by ANNA RABHAN
In East Arlington, just off of 9A, lies one of those hidden jewels that makes you say, “Jacksonville is a cool place!” The Jacksonville Arboretum and Gardens is a passive park owned by the city but leased and operated by the nonprofit Jacksonville Arboretum & Gardens, Inc. (www.jacksonvillearboretum.org). It opened in 2008, but volunteers had begun preparing the 120 acres several years before. The property has an interesting history. The Humphreys Gold Mine property – no, there’s no gold in them thar sand hills – was abandoned for about 30 years. Finally, as a result of a spirited protest, the city and JEA agreed to use the land as a buffer between JEA’s wastewater treatment plant and the Holly Oaks neighborhood. The area’s colorful history made for an exciting cleanup effort. Gail Beveridge, the Arboretum’s Event Co-Chair, says, “We pulled a lot of illegally dumped cars out of here and had to call the police once to make sure there weren’t any ‘surprises’ in one of them!”
Hundreds of volunteer hours later, the Arboretum has been reborn as a beautiful natural preserve. It includes an impressive 13 distinct ecosystems. You can see tidal marsh, oak hammock, upland sand hill and more in the same day on easy to moderate trails. Although you’re more likely to see osprey and turtles, a bobcat and other unusual fauna have been spotted. Fabulous flora abound as well. The wild azaleas are gorgeous, and the largest loblolly bay tree in the country lives here. There are also live oaks that are more than 100 years old, beautiful cypress trees surrounded by colonies of gnomish cypress knees, wild blueberry bushes, an intriguing palmetto grove no one seems to know the origin of, and so much more that the park has an enchanted feel to it.
Mother Nature did an amazing job of restoring the area, but humans have helped out too. In addition to cleaning, clearing, and making the trails, volunteers have planted over 400 trees and plants. In the process of relocating some gopher tortoises within the park, one of the board members became a licensed expert on wildlife relocation, so now the Arboretum can be called on for advice when the need arises. Such hands-on involvement within the organization is common. While EU was there, Board President Lynda Aycock showed up with a plumbing valve and, on her way to install it, said, “I’ve learned more out here than I ever imagined.” The Arboretum has also gotten lots of help from outside. The constant improvements in accessibility and amenities have included pea gravel on some parts of trails, boardwalks built by the Boy Scouts, a bridge built by the Mormon church, and signage provided by the nonprofit Greenscape. Future plans include completion in the next few weeks of the ADA-accessible Lake Loop trail and installation of public restrooms, a pavilion, a visitors center, and possibly a natural amphitheater around the lake.
The variety of programs available at the Arboretum illustrates the creativity of the folks there. In addition to the naturalist-guided walking tours and monthly volunteer work days, the New Moon Owl Prowls, held on the closest Saturday to the new moon, allow visitors to commune with the barred owls that call the Arboretum home. Visitors can enjoy the simple pleasures of roasting marshmallows, telling stories and singing during the Full Moon Campfires. Also, for two months now, the Arboretum has offered Yoga Under the Trees. Best of all, thanks to volunteer gatekeepers, this natural sanctuary is free and open to the public seven days a week during daylight hours!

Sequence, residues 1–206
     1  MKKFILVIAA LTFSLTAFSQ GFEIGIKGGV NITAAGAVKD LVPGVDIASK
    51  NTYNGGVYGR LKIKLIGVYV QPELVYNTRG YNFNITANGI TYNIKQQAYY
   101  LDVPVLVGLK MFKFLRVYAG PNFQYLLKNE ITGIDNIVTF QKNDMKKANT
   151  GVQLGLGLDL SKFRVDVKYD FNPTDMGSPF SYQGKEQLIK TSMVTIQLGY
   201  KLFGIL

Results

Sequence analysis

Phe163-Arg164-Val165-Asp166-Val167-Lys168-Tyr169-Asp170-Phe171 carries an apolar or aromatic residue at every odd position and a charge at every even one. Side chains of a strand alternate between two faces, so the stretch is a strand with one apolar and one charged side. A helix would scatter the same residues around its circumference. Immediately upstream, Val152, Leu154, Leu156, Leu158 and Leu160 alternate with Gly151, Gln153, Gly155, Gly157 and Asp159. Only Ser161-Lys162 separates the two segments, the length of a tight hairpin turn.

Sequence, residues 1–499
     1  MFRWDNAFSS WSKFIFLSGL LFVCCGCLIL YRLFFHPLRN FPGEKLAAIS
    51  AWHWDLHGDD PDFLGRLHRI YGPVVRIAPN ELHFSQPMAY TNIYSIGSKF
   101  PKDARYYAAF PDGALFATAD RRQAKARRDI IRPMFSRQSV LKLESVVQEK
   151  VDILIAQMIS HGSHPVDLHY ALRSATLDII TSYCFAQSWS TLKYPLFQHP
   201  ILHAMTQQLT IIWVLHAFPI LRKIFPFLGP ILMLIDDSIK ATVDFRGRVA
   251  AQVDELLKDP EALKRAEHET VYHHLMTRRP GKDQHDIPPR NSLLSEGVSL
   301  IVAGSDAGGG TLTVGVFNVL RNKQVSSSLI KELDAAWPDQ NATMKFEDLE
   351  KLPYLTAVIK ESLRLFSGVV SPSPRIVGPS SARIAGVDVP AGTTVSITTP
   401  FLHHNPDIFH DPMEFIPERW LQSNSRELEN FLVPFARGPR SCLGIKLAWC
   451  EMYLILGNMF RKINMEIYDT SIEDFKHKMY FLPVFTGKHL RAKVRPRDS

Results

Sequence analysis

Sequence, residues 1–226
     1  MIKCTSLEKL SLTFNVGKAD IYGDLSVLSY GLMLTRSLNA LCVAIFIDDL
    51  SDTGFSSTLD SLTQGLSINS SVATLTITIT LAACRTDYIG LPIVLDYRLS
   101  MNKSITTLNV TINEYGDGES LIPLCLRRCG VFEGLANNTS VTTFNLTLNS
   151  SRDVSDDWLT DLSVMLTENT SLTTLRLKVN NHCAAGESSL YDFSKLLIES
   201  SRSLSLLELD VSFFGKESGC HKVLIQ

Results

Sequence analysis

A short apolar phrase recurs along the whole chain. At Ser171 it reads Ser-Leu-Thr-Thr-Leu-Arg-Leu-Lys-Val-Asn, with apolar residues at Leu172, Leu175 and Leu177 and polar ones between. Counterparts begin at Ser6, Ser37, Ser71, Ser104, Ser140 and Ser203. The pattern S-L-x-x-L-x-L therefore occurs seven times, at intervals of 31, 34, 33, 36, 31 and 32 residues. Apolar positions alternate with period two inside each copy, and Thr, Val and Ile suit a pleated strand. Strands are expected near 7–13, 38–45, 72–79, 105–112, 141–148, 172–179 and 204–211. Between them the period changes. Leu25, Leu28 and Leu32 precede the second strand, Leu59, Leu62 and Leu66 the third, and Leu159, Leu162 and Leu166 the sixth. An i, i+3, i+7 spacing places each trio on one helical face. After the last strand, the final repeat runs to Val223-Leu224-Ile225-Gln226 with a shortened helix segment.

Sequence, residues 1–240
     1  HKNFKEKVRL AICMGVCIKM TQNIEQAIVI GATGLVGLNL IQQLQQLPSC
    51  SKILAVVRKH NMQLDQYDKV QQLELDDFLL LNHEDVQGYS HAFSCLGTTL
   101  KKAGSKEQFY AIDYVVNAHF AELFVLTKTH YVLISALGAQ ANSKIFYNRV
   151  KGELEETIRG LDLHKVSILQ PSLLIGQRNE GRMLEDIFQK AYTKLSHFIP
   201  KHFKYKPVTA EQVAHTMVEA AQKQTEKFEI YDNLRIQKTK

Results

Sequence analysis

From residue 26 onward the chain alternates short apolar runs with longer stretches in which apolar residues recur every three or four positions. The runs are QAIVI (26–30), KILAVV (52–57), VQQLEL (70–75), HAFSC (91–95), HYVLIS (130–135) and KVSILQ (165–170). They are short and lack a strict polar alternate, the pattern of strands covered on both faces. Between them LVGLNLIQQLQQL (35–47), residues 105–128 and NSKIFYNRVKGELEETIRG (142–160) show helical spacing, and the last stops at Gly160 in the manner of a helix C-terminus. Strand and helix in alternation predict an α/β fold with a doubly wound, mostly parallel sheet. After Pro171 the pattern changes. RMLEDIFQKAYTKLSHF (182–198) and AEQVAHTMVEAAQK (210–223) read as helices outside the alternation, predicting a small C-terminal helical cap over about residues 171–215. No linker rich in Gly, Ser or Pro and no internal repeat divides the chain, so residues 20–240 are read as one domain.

Creativity was also required when it came to figuring out how to get the word out about the Arboretum and how to raise some funds. A “plein air” art event, which organizers started planning a full year ago, seemed perfectly matched to the features of the Arboretum and the strengths of its caretakers. In a nutshell, painting “en plein air” means painting outdoors and is a mode that has regained popularity in recent years. “My co-chair, Mindy Hawkins, had organized a plein air event at her church,” says Beveridge, “and she thought this would be the perfect place to do something like that.”
From Thursday April 7 to Saturday April 9, the Jacksonville Arboretum and Gardens will present “A Brush with Nature.” Thirty-seven regional artists will participate. Jacksonville residents might recognize names such as Jim Draper, Paul Ladnier and Randy Pitts. The artists will be painting on site beginning Thursday. On Friday, there will be demonstrations and lectures by some of the artists. Saturday will be the big family event. The artists, three of whom are on the Arboretum board, will get to choose where they want to paint. Beveridge says, “When they see [the Arboretum] and all the different settings – the creek, the lake, the live oak, the marsh – they’re really excited about it.” Allison Watson, one of the artists who will be participating, adds, “The beauty and mystery of wild Florida and all natural environments has intrigued me for as long as I can remember.” Guests will receive a free artists catalog and can explore the trails, stopping to watch artists as they work, or there will be guides available to direct people to specific artists they may want to see in action. There will also be live music, food and a children’s art tent. The event at the Arboretum is free and open to the public, and you can purchase the art you see. There will also be a gala reception and art sale, featuring music by Joe Williams and food by Pastiche, on Saturday from 7 to 9 pm at Gate Riverplace Tower, Plaza Level. Tickets to the gala are $50 and can be purchased at www.abrushwithnature.org.
A brush with nature
by ANNA RABHAN